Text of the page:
By Asa Sherrill, VP Experience Design
Technology is the promise of the future, so why shouldn’t we aim to enhance everything with it? The short answer is that we likely should; however, before we do, it’s worthwhile to stop and understand exactly why (or why not) digital should be part of our solution.
Experience is Instinctive
The way in which people experience the world around them isn’t by chance; it’s an instinctive byproduct of eons of evolution. Natural selection favors certain characteristics, especially those that lead organisms not merely to survive, but also to flourish. Biologists call this flourishing state homeostasis.
Reaching homeostasis relies on the convergence of positive and negative feedback loops. Perhaps you’re sitting at home and the temperature is too cold. How does your psychology drive you to change the temperature? A negative feedback loop counteracts your body’s current state of rest. In addition to triggering other unconscious processes in your body, the sensation causes you to feel uncomfortable, which in turn motivates you to stand, walk to your thermostat, and adjust the temperature upward a few notches. As the heater kicks in, a positive feedback loop triggers feelings of warmth and comfort, encouraging inaction.
Value is Valence
These simple examples of feedback loops show how viscerally we experience the world around us and how feelings motivate behavior. Psychologists use the phrase “valence” to describe our ability to detect the “good” or “bad” nature of experiences.
Not surprisingly, the word “valence” originates from the same source that the word “value” does. In the concept of valence, we can understand why consumer value perception is such a strong factor in experiences. When an experience aligns with the values we’re trying to pursue, a positive feedback loop makes us feel satisfied; however, when an experience conflicts with our values, a similar negative feedback loop motivates course correction—the very same mechanism that drives us to the thermostat to turn the heat up.
The notion of value is quite broad, but it can be broken down into a few overlapping categories. Consumers derive tangible value from experiences when the result is physical in nature, such as buying a product or service. Likewise, intangible values are derived from experiences that result in something that is not concrete, but otherwise valuable. Loyalty programs are a common source of intangible value, promising more personalized future service. Experiences that are streamlined and more efficient also provide intangible value, promising more time or comfort when executing tasks. Lastly, aspirational value is heavily linked to a consumer’s desired self-image. Luxury automotive brands trade in aspirational value. Lexus, for example, frequently advertises their vehicles with a sleek look and a cool driver, evoking an image that their customers seek to achieve.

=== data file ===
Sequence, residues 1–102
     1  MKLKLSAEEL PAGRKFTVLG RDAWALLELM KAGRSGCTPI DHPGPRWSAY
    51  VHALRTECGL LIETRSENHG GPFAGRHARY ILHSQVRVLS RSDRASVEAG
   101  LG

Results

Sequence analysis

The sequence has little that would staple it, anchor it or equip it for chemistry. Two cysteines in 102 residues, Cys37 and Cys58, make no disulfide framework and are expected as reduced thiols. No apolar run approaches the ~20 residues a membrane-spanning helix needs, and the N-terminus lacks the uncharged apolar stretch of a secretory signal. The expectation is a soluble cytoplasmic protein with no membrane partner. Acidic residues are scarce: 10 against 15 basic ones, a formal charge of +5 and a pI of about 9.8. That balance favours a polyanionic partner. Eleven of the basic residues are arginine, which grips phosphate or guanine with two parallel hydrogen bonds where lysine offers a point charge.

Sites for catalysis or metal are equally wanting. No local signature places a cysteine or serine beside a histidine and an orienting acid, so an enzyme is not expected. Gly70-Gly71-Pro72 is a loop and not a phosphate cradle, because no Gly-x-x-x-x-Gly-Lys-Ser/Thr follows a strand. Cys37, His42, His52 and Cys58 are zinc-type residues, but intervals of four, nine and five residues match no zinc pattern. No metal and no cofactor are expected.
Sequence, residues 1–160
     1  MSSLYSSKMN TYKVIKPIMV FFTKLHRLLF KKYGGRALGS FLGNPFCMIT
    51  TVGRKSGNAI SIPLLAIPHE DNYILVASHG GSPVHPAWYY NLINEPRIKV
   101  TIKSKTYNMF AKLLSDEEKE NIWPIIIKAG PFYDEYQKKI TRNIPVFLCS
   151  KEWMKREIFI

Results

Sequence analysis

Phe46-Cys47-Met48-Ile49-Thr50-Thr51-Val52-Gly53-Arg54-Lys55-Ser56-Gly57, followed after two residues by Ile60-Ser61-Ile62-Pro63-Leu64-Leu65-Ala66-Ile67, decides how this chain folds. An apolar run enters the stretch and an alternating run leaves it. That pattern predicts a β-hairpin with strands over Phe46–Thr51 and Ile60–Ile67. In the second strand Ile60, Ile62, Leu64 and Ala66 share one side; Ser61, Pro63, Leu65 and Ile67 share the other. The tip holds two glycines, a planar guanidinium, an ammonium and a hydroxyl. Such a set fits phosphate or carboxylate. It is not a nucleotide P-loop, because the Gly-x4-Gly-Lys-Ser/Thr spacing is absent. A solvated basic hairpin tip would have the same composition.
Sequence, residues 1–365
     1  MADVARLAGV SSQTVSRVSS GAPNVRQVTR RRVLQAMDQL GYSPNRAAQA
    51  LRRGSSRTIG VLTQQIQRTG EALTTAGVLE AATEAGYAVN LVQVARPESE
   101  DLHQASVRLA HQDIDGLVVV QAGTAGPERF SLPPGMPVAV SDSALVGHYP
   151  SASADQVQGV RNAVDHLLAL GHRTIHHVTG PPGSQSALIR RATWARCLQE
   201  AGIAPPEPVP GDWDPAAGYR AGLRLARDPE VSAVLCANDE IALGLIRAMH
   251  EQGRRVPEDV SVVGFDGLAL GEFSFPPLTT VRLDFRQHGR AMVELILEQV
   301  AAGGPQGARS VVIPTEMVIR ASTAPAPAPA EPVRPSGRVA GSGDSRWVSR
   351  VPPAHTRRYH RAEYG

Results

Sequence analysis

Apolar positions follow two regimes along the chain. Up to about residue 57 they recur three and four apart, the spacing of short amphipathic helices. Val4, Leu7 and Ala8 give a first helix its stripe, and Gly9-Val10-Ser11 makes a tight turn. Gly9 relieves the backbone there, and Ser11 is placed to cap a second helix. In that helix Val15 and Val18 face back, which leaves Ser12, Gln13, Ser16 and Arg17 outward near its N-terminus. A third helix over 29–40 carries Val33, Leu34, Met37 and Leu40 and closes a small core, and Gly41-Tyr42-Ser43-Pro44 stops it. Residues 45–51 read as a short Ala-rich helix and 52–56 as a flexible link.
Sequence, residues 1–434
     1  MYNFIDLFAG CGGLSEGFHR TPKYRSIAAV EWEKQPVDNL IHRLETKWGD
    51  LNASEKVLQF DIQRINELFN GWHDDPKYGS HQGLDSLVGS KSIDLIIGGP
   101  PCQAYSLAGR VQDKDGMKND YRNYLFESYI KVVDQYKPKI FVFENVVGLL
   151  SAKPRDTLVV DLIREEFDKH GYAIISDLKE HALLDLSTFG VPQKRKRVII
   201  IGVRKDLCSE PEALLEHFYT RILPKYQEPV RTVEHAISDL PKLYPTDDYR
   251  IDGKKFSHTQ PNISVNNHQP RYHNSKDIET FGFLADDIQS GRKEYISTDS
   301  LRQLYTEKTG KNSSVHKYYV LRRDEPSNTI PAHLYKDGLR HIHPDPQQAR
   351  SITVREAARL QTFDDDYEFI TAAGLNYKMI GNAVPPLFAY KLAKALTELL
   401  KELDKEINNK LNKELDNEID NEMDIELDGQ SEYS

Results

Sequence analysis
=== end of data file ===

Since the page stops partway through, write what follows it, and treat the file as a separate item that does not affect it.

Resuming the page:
Understanding Customer Value Perception
In determining how our customers could judge the experiences we provide them, you might have noticed that digital wasn’t mentioned a single time.
We don’t judge experiences by how technically up-to-date they are, but instead through a form of instinctual judgement (“valence”) linked to our ability to achieve a state of flourishing (“homeostasis”).
When we’re evaluating customers, we can lean on this truism of human psychology to better understand what they intend to accomplish when they buy our products or engage with our services. Customer insights should be evaluated not just for their face value, but also for the underlying needs, wants, and influences that are shaping the way the customer perceives the value they’ll receive through their interaction with you.
Full Circle—Digital or No?
Regardless of how we come to understand our customers, good design thinking requires that we first empathize before we provide a solution, and the question of “digital or not” sits squarely within the solution phase. And while digital provides answers too many different kinds of value customers seek, some types of value call for something more analog.
For example, when customers pursue home services, such as inviting a plumber to fix a toilet, we regularly hear that they require a level of comfort with the person entering their home. Experiences that focus on maintaining relationships and trust are often delivered more effectively without a screen.
In thinking about the experiences that will appeal to your customers, don’t start with digital for digital’s sake. Instead, first take steps not just to hear your customers, but also to read between the lines to understand the value they seek that might influence how they feel when they engage with your business. Then, armed with that knowledge, think about how technology might address their value perception. If it can’t, don’t hesitate to lean into something a bit more analog.